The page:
Marine ecologist Tracey Rogers talks to Jim Al Khalili about her research on one of Antarctica's top predators. This is the leopard seal - a ten foot long killer which glides among the ice floes in search of prey ranging from other seals to penguins to tiny krill. Tracey's research has encompassed the animal's prolific and eerie underwater singing to radical changes in its diet that appear to be linked to climate change.
Now a senior researcher at the University of New South Wales in Australia, Tracey first encountered the species as a less than successful seal trainer at a zoo in Sydney. There she met a giant female leopard seal named Astrid. Astrid's singing one Christmas day in the early 1990s set Tracey on the path to become the world's authority on this Antarctic species.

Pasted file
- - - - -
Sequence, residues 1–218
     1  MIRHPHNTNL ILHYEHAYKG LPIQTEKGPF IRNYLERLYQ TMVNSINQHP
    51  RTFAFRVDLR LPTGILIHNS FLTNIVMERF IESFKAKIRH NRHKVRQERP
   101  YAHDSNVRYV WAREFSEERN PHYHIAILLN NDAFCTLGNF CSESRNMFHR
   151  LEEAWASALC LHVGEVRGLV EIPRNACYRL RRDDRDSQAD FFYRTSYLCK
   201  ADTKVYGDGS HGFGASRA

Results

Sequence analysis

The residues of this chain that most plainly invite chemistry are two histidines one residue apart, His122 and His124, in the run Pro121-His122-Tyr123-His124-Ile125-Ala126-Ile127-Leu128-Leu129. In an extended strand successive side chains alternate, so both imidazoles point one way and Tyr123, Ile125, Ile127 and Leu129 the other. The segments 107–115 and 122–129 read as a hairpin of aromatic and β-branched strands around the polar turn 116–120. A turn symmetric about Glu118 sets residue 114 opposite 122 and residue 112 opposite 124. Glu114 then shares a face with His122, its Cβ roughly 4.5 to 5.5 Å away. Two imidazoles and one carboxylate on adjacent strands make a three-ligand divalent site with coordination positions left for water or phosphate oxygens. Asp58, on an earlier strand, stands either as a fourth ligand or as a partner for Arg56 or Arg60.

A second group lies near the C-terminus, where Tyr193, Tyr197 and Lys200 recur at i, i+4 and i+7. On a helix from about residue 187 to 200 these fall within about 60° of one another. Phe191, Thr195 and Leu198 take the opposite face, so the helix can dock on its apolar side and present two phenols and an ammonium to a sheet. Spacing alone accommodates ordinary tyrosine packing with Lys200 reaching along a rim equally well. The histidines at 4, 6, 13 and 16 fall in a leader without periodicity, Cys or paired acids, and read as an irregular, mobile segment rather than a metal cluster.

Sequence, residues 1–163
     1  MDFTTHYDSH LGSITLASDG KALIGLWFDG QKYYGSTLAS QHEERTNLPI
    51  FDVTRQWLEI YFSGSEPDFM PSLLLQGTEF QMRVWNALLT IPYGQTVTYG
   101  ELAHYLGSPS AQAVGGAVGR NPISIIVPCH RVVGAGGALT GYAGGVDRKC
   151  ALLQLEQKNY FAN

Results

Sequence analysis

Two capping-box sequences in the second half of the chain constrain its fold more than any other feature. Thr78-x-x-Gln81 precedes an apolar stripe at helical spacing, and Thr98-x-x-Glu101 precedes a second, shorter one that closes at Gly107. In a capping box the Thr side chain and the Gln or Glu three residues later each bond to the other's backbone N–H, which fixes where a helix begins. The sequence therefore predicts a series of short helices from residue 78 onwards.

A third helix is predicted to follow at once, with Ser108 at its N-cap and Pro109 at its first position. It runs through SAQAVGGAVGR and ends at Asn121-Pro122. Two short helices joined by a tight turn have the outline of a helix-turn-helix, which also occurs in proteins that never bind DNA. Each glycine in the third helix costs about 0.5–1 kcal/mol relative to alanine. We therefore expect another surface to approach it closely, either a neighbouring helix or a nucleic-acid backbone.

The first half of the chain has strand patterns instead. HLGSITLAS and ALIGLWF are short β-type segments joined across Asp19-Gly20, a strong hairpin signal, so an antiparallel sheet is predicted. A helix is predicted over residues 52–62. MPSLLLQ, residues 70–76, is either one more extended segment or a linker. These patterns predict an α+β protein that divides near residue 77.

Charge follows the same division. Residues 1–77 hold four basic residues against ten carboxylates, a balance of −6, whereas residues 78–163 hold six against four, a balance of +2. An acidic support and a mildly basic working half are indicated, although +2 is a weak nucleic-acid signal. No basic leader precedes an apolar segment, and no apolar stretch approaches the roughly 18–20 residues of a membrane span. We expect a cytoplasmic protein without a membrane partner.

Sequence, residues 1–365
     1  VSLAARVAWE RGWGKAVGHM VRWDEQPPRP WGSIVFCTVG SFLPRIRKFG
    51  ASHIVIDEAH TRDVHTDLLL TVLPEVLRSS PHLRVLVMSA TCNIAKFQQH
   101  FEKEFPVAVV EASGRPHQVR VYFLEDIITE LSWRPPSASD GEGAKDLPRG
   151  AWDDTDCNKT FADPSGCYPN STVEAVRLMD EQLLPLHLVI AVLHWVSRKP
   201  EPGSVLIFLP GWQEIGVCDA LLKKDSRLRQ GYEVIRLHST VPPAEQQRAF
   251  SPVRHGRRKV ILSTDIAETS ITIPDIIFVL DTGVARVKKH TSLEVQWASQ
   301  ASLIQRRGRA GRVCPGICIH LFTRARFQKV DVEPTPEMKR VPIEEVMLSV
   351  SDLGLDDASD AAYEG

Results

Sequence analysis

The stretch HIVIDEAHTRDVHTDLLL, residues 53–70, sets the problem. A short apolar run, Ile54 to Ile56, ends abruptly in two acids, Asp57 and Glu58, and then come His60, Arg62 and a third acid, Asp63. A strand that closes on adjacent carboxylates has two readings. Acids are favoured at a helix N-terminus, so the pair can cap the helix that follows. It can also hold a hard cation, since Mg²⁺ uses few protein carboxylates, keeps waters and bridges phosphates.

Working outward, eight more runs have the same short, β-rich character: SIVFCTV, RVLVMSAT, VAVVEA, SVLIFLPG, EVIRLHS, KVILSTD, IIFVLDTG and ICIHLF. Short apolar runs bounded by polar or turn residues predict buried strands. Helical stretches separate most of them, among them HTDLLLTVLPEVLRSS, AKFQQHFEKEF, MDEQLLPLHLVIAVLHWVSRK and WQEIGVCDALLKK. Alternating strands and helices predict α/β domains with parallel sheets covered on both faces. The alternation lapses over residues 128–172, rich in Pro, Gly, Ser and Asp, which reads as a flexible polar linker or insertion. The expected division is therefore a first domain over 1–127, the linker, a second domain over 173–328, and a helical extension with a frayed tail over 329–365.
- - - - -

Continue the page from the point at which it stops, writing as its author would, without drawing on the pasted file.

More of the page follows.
Tracey tells Jim how her first expedition to study leopard seals was met with almost universal scepticism until she dropped an underwater microphone into the water. In the following 25 years, she has worked to decode the meanings and qualities of the leopard seal song and explored the changes being forced upon the species by climate change. Tracey describes what made her return to Antarctica again and again and tells the story of how she almost met her end in the perilous shifting world of the pack ice. And then there's the time a leopard seal mistook her for a penguin.
There is a longer version of this interview in the podcast of this episode - more on the seal vocalisations and how Tracey saved the life on a young colleague who fell into the freezing sea.
Producer: Andrew Luck-Baker.
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